I did a comic book a few years ago for the 24-hour Comics Challenge. It was a Twilight Zone type of story called "VICE" about magic fortune cookies. What I liked most was how the story, even though I had no idea where it was going when I started, fell together perfectly (with all it's thematic complexities and twist ending) in less than 24 hours. I didn't actually finish the artwork within the 24-hour timeframe, but I felt it deserved to be finished, so I gave it a second 24 (nonconsecutive) hours to finish the inking and lettering. I self published it as a minicomic and it got 9 out of 10 stars from Sequential Tart! It also sold well at APE and Comic-Con.



14. What is your medium of choice?
Pencil and paper. I also like to add tone or color in the computer.

15. Specific tools you like to use (type/brand of paper, specific brushes, paint, ink, etc.)?
Col-erase Indigo Blue pencil on white bond paper. Regular black graphite pencils smear too much for my taste. When I ink, I use a Sharpie, or sometimes a Pigma brush pen. I generally do color in Photoshop.

16. What are your work habits/routine?
Actually, I'm kind of an artistic chameleon when it comes to my comics; I experiment a lot. I work in the manner that the particular comic story is asking me to work. Look at my comics over the years and it looks like I have multiple personalities; each project different from the other, but internally consistent.

17. What is your philosophy regarding your work - for instance, what are you trying to achieve?
As an artist, I just try to do the type of work I would enjoy as an audience.

18. What is the greatest lesson you have learned in your profession?
The work will be easier, and the final product better if you can make the work fun for yourself.

19. If something could be invented to make your job easier, what would it be?
On my computer, a "fix" button.

20. Any interesting people you've worked with?
My first full-time art job was at LucasArts, and I was floored to find Ken Macklin (Dr. Watchstop), and Brent Anderson (Astro City) working there; its a shock when someone who you were a geeky fan of as a kid is suddenly one of your professional peers.

21. Any side interests? "When I'm not drawing/writing, I like to...
I've been trying to learn to play piano and oil paint. I cuddle my DVD collection daily.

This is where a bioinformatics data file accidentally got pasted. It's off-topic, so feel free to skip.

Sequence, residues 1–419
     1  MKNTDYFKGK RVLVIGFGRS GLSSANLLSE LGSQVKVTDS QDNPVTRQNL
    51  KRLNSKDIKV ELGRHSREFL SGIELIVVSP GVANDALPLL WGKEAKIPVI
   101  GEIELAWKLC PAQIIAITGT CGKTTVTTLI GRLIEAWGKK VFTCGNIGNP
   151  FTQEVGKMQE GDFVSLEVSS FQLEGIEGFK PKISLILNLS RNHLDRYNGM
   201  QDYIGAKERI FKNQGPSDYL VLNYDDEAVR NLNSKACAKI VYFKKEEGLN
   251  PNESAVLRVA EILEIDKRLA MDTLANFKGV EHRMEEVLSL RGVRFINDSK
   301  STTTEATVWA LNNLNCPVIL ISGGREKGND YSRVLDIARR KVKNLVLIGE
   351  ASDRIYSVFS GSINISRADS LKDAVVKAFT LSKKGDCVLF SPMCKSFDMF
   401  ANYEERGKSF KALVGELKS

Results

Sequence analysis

22. If you have any fans, what is your best fan story?
No specific stories, and its been a while since I've gotten fan mail for my comics, but it was neat to get fan mail from places as far away as Glasgow, or Paris. People have also sent me stuff like their own comics work and drawings, which was fun. I get the occasional email from people wanting advice on storyboarding as a career. Actually, after working on some LucasArts games, I have gotten a couple of strange emails and phone calls from Star Wars fans who somehow tracked me down at home thinking I could answer their game tech support question or somehow give them some inside information about the Sarlacc in Return of the Jedi.

23. What are you working on right now?
I'm not working on anything at the moment, which is a good opportunity to revisit the multitudes of personal projects I've put on the back burner. I've also been working on a couple of screenplays, since that's something I've always wanted to do. If nobody wants to buy my screenplays, they'll probably end up as comic books instead. I'm also trying to learn an animation/paint program called Bauhaus Mirage and a 3D animation program called Animation: Master. I have an idea for a themed sketchbook project which I hope to have done for Comic-Con next year.

24. What is your dream project to work on?
What I really want to work on is just something that I can feel proud to have worked on; where the creator clearly personally cares about the work and isn't bending his vision to appeal to a certain demographic to sell the maximum number of units. That said, I really like old film noir movies and old sci-fi and horror movies like Metropolis, Things to Come, T-Men, I Married a Monster from Outer Space, The Brain That Wouldn't Die. I wouldn't mind doing something that embraces some kind of retro aesthetic.

25. Any additional tales to tell regarding your career?
Once upon a time there was a cartoonist who created three websites. Their names were
http://www.satnitesite.8k.com, http://ansonart.tripod.com and http://www.badjoojoo.8m.com. They chased down Goldilocks, ate her up, and they all lived happily ever after. The End.

3 comments:

crazy_asian_man said...

Hey Anson!
Been meaning to catch up on what you've been up to since running into you and your brother at the SDCC a couple of years back-

Great interview--- and glad that both of you kept going with art and have had it pay off! :)

Congrats and looking forward to seeing your personal projects get off the ground, too!

Harv

Bob Andelman said...

You might enjoy this Mr. Media podcast interview with cartoonist Jules Feiffer, who talks about the new collection of his comic strips from the Village Voice, getting his start with Will Eisner on The Spirit, his plays (Little Murders), his movies (Carnal Knowledge, Popeye), the Disney musical adaptation of The Man in the Ceiling, and his forthcoming memoirs.